Hi, Carol. I thought I would just check in for a moment. I wanted to let you know that of course, Mom's sisters were there--but I was not. I had such a bad week physically last week, and Friday was such an emotionally dark day for me. I cried all day, and I was unable to even leave my home until today for a doctor's appointment. I suppose I have been either very naive or much too hopeful that I was beginning to crest the hill, so to speak. I have the memory of an elephant (a wonderful gift if the memories are good--or truly real, a curse if they are not, and an ironic joke if one is looking down the barrel on future Alzheimer's), and Mom has been so present in memory these days. My dad has also been present, which is not a good thing. I continue to unravel questions, reactions, and hindsight where Mom is concerned, and have small epiphanies and unhappy revelations. My mother is tied up in every part of my life, and Mother's Day was painful for me for many reasons, not just because of her absence from my life. In talking with my opthalmologist today, she was telling me about a sermon her pastor had presented on the subject of taking care of one's parents. I am hoping he has a copy of this sermon, as part of the discussion was on guilt, another on responsibility.
I am so appreciative of your shoulder. I am still in the process of finding an antidepressant that works, and I am truly feeling better in my head. I wish my heart would get the message. I pray every night that Mom is comfortable, comforted, in no pain or fear, and that somewhere in her mind, she knows that I did what I felt was best for all of us. I loathe this terrible illness and am terrified of it. My heart breaks for everyone who is touched and burned by it.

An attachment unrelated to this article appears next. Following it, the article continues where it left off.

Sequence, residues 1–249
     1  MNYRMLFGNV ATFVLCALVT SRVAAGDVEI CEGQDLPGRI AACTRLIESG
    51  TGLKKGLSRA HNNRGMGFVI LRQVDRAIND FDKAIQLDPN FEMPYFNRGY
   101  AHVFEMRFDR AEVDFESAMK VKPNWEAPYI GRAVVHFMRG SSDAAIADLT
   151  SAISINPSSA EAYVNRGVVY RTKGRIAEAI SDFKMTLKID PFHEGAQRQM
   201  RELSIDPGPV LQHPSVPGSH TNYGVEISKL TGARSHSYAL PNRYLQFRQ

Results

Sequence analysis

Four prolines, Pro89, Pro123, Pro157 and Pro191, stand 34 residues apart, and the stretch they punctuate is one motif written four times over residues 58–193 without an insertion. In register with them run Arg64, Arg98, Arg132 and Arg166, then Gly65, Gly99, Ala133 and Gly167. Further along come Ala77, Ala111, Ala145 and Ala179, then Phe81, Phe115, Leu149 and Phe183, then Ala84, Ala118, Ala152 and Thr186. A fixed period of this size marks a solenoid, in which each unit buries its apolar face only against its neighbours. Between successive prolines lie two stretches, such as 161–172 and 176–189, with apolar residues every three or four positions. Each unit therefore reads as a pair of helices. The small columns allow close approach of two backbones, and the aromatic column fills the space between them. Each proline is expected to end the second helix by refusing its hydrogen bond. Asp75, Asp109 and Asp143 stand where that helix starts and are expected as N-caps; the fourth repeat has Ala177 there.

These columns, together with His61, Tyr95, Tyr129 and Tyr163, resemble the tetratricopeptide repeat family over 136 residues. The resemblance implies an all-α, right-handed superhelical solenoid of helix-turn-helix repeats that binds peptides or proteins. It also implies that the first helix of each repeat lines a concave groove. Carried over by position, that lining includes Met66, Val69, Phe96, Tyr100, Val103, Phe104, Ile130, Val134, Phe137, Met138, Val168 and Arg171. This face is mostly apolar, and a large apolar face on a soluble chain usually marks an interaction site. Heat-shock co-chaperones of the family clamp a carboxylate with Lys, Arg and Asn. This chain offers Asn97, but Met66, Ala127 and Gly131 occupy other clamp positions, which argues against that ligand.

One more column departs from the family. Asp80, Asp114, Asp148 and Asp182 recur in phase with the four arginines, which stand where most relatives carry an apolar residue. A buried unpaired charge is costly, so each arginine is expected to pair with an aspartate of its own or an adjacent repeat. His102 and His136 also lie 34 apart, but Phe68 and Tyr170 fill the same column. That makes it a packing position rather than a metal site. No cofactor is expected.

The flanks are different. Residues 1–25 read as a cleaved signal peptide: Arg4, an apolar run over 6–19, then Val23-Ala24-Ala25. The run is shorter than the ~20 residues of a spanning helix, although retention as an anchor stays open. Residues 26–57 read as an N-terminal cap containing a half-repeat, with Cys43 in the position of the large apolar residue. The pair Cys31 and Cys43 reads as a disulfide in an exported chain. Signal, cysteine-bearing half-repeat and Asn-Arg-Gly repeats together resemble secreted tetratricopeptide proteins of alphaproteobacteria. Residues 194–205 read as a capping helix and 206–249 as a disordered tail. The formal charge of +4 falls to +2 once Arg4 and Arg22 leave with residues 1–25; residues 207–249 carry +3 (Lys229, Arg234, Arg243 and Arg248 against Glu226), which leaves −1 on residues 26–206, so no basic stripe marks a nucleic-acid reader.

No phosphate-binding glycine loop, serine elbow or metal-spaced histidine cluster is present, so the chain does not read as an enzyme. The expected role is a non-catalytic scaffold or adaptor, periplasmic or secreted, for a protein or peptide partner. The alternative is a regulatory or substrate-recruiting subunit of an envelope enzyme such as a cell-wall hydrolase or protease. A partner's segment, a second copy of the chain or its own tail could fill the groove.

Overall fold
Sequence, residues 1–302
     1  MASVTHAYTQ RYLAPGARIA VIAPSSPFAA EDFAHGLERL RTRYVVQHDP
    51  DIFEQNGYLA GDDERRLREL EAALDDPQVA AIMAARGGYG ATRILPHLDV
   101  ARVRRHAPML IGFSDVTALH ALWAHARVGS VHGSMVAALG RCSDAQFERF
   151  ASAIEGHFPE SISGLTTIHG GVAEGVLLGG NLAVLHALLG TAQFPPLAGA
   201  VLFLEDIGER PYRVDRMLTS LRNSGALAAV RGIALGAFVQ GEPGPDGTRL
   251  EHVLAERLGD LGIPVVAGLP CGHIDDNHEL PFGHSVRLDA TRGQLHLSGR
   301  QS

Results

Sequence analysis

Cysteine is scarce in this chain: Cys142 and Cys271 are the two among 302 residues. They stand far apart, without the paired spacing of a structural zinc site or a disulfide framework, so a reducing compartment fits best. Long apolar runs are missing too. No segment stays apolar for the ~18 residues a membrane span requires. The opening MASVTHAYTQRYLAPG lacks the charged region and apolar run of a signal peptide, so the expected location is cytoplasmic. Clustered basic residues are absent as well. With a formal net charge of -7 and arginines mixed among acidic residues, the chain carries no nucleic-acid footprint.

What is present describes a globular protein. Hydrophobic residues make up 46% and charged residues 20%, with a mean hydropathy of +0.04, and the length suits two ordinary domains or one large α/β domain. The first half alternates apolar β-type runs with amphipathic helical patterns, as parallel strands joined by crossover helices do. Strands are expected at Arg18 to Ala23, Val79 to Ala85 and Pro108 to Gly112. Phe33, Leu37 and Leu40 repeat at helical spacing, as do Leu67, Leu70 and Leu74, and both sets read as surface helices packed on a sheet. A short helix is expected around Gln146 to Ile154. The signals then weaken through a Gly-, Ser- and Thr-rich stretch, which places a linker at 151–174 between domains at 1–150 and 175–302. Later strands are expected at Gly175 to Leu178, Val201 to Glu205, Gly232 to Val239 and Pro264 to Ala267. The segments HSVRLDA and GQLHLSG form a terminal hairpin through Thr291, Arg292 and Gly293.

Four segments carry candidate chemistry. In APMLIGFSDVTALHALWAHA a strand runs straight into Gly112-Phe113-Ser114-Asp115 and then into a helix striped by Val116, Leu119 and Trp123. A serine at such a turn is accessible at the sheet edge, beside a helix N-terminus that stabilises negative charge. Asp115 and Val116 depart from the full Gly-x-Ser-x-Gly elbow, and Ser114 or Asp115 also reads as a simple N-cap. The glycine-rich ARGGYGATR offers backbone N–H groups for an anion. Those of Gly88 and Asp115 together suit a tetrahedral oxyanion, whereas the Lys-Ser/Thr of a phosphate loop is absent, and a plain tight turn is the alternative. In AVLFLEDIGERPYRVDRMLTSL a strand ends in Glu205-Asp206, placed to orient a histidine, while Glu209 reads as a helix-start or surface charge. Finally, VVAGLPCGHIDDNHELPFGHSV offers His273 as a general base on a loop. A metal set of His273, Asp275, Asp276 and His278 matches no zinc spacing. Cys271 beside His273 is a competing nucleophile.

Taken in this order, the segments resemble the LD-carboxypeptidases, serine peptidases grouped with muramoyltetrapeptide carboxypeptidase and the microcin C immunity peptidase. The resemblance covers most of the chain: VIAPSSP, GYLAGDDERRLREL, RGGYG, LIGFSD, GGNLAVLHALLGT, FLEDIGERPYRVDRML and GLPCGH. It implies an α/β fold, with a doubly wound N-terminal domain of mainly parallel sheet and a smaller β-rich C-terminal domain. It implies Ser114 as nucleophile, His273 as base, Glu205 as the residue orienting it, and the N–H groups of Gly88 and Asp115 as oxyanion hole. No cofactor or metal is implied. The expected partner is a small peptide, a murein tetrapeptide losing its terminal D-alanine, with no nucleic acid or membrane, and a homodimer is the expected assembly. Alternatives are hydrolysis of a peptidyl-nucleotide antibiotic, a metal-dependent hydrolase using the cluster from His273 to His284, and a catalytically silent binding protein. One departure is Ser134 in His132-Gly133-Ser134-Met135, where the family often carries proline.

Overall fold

Just wanted to drop in and wish everyone a lovely Mother's Day. Carol and Byroney, you tend to mother us all, and do a wonderful job. To those who still have the presence of their moms, here's wishing you a memorable day. To those of us whose moms are still here but gone, wishing you happy memories of past days. And to those whose mothers are passed, I sincerely wish you peace and comfort. This will be my first Mother's Day that I will not be able to have Mom here, and she will not remember when I come and go on Sunday. We used to have a tradition here in the south: red roses worn for mothers who are with us, white roses for mothers who have gone. Should we wear red and white roses for those who have AD?
Hugs and roses to all of you, and the largest bouquet for the caregivers, female and male, children, spouses, and anyone else who has this terrible responsitility.